Anyway, say ##x \in \bar{B}_2## is in the boundary of ##B_2## but not in ##B_2## itself. Let ##\epsilon_1 > \epsilon_2 > \cdots \to 0##. For ##\epsilon_i## there is a point ##x_i \in B_2 \cap N(x,\epsilon_i)##. It is conceivable that we could have, for example, ##x_1 \in \ A_1, x_2 \in A_2, x_3 \in A_1, x_4 \in A_2, \ldots## so the sequence ##\{x_i\}## is not in a single set ##A_1## or ##A_2##, but, instead, oscillates back and forth between the two. In that case you would need to do more work to conclude that ##x## is in ##\bar{A}_1 \cup \bar{A}_2##. It can be done, but some extra steps are needed; I think the fact that you are working an a metric space matters a lot here.
     
  4. Oct 2, 2014 #3

    pasmith

    User Avatar
    Homework Helper

    Are you sure the inclusion in part (b) is the right way round? Certainly one can show by example that [tex]
    \bigcup_{i=1}^\infty \bar{A}_i \subsetneq \bar{B} [/tex] by taking a bijection [itex]f : \{1, 2, 3, \dots \} \to \mathbb{Q}[/itex] (such a bijection exists because the rationals are countable) and setting [itex]A_i = \{f(i)\} \subset \mathbb{R}[/itex].
     
  5. Oct 2, 2014 #4
    So what you're saying is that just because [itex] \forall \epsilon >0,\exists y \in N(x;\epsilon) \bigcap \bigcup_{i=1}^{n} A_{i} [/itex], I can't conclude that [itex] \exists i, \forall \epsilon >0,\exists y \in N(x;\epsilon) \bigcap A_{i} [/itex]?

    Would I have to say that for a sequence of epsilons, there is a y in the intersection of the Neighborhood with center x and radius epsilon? I thought about distributing the intersection/union, but that doesn't make much sense to me, intuitively.
     
  6. Oct 2, 2014 #5
    pasmith,

    Wow, really nice example. Am I correct in saying "because each of the singletons have no limit points, the union of the A sub i's are the rationals, but the closure of B is the reals"?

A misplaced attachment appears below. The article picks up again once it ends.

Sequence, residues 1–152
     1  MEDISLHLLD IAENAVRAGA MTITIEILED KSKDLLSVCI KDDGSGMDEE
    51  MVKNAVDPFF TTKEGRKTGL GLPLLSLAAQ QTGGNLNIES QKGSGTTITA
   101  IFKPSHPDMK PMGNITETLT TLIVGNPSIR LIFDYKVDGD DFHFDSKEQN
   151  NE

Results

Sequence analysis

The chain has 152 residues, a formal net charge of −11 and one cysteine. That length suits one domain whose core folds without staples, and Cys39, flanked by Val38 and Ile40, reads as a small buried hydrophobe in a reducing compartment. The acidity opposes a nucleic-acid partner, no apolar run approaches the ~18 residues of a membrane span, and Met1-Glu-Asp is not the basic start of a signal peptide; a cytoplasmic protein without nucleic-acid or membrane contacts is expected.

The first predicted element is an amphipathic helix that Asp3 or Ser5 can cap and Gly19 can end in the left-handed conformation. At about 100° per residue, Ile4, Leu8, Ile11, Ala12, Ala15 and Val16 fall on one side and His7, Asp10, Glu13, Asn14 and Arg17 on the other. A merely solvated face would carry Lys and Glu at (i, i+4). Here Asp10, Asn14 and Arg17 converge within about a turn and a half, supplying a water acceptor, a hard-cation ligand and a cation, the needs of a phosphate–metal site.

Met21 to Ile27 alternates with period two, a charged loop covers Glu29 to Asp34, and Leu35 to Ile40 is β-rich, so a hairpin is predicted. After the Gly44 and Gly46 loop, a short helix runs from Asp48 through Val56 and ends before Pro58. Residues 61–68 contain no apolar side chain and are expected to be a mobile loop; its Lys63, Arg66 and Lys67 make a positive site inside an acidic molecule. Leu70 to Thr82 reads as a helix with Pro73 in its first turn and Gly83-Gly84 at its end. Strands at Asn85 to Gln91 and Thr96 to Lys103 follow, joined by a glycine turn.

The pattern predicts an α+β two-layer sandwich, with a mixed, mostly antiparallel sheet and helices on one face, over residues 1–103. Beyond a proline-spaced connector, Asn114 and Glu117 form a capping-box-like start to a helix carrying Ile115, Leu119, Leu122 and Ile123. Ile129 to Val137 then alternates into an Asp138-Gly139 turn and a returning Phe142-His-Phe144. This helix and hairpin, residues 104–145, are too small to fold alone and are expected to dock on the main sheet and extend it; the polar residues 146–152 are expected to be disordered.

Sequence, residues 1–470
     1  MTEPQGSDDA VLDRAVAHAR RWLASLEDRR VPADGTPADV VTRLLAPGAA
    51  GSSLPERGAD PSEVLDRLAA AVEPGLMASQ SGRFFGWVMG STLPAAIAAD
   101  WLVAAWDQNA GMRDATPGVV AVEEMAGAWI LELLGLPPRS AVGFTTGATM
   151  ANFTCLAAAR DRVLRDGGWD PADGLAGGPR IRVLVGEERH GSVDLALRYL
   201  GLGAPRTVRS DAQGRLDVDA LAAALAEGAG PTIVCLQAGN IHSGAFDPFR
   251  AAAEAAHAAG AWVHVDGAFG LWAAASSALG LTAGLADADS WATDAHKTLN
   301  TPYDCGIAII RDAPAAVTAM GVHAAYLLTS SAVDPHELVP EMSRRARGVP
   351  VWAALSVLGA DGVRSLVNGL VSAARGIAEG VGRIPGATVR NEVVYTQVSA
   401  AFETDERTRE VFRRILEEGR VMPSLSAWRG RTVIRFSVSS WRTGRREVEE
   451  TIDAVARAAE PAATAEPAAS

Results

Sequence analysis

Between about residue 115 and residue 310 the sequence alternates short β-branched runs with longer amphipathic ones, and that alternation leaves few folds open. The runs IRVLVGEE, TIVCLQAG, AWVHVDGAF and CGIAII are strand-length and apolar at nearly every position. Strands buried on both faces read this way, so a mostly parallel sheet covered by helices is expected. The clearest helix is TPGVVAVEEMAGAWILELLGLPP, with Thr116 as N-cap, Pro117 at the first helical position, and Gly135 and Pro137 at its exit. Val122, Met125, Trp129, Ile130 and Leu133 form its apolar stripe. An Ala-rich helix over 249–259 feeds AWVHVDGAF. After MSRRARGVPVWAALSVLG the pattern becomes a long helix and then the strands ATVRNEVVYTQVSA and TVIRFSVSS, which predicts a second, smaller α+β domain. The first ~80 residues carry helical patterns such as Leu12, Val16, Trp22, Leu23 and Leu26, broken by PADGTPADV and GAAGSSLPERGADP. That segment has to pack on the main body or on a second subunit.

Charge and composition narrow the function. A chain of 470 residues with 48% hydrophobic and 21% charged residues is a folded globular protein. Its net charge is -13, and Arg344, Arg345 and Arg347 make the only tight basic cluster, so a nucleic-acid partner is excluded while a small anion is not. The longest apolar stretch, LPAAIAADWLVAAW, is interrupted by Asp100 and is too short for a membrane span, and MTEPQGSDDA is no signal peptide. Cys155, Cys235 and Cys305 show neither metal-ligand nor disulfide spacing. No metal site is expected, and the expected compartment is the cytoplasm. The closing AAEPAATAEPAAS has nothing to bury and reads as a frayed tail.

And yes, I was wrong. It should be....

    Show by an example, that this inclusion [itex] B \supset \bigcup_{i=1}^{\infty} A_{i} [/itex] can be proper.
     
  7. Oct 2, 2014 #6

    pasmith

    User Avatar
    Homework Helper

    The point is not that a singleton has no limit points, but that it contains its only limit point and is therefore closed, so that [itex]\bigcup A_i = \bigcup \bar{A}_i[/itex]. Otherwise you are correct, although you need to explain briefly why [itex]\bigcup_{i=1}^\infty \{f(i)\} = \mathbb{Q}[/itex].
     
    Last edited: Oct 2, 2014
  8. Oct 2, 2014 #7

    Ray Vickson

    User Avatar
    Science Advisor
    Homework Helper

    You probably can conclude it, but it does not follow right away from what you did; you need some extra steps.
     
Know someone interested in this topic? Share this thread via Reddit, Google+, Twitter, or Facebook

Have something to add?
Draft saved Draft deleted



Similar Discussions: Rudin Problem 2.7
  1. 2 Rudin Problems (Replies: 0)

  2. Baby Rudin Problem 2.7 (Replies: 2)

  3. Baby Rudin problem (Replies: 4)

Loading...